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Authors

Tim Cone

Document Type

Article

Media Type

Text

Abstract

After the United States Supreme Court announced in United States v. Booker that, henceforth, federal criminal sentences would be re-viewed for reasonableness, it instructed that appellate courts could review sentences for substantive reasonableness. However, its observations about substantive reasonableness review have not congealed into concrete parameters. As a result, a circuit conflict exists regarding substantive reasonableness review, some circuits holding that the re-weighing of sentencing factors is a legitimate part of substantive reasonableness review, while others holding it is not. This Article argues the re-weighing of sentencing factors should not be a part of substantive reasonableness review. It proposes that substantive reasonableness review should focus on the soundness of a sentencing court™s reasoning and should, therefore, be limited to reviewing whether a sentence is arbitrary, or based on impermissible factors.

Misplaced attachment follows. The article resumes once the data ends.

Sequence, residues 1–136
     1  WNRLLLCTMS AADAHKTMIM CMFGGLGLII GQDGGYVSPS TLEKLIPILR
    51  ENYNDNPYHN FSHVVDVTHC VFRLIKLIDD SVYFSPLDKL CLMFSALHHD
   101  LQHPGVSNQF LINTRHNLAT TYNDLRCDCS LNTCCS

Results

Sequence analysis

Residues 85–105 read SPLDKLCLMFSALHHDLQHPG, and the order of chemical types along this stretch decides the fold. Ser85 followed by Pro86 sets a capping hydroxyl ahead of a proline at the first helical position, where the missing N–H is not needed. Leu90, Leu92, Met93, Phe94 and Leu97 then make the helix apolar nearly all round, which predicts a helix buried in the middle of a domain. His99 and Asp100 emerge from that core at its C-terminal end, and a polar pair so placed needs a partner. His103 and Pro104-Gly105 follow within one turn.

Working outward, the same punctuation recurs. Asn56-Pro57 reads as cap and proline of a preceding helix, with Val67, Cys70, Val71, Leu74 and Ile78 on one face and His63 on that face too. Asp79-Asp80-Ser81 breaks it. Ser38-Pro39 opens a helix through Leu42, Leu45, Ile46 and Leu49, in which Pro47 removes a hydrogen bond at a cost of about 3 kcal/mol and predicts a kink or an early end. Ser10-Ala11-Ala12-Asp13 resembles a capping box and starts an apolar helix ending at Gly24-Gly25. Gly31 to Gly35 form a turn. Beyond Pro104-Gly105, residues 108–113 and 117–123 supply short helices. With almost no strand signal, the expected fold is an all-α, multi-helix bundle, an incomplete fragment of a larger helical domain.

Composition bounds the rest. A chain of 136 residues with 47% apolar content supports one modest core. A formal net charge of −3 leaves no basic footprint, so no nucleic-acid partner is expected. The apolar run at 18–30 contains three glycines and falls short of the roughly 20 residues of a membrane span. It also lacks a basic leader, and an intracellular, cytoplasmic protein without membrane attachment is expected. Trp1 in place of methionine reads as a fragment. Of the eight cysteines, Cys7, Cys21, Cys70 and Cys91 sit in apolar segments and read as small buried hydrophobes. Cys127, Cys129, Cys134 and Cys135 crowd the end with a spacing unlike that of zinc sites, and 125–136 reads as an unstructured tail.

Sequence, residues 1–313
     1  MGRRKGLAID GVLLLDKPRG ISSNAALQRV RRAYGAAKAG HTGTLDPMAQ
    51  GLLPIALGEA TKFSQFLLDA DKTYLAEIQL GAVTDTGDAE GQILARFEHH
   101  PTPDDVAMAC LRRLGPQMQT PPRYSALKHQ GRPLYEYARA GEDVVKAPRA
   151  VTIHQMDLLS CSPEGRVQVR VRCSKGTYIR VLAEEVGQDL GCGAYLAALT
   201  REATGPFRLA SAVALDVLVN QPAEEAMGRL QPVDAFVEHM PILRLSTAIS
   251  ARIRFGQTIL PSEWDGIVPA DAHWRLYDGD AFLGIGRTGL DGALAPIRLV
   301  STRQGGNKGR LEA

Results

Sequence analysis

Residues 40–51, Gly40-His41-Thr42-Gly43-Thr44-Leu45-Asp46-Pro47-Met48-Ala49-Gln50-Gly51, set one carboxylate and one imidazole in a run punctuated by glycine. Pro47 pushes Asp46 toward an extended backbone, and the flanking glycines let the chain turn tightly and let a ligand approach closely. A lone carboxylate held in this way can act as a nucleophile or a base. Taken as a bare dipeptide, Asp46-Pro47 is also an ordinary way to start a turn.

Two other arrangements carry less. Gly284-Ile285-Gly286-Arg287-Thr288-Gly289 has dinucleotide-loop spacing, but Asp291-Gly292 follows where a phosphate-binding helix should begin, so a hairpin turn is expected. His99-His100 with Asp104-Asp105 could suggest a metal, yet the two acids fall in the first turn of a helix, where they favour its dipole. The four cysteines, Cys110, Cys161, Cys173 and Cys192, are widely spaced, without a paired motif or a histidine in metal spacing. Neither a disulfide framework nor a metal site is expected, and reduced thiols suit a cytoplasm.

First Page

65

Last Page

82

Publication Date

9-1-2012

Department

Other

ISSN

0734-1490

Language

eng

Publisher

Northern Illinois University Law Review

Included in

Law Commons

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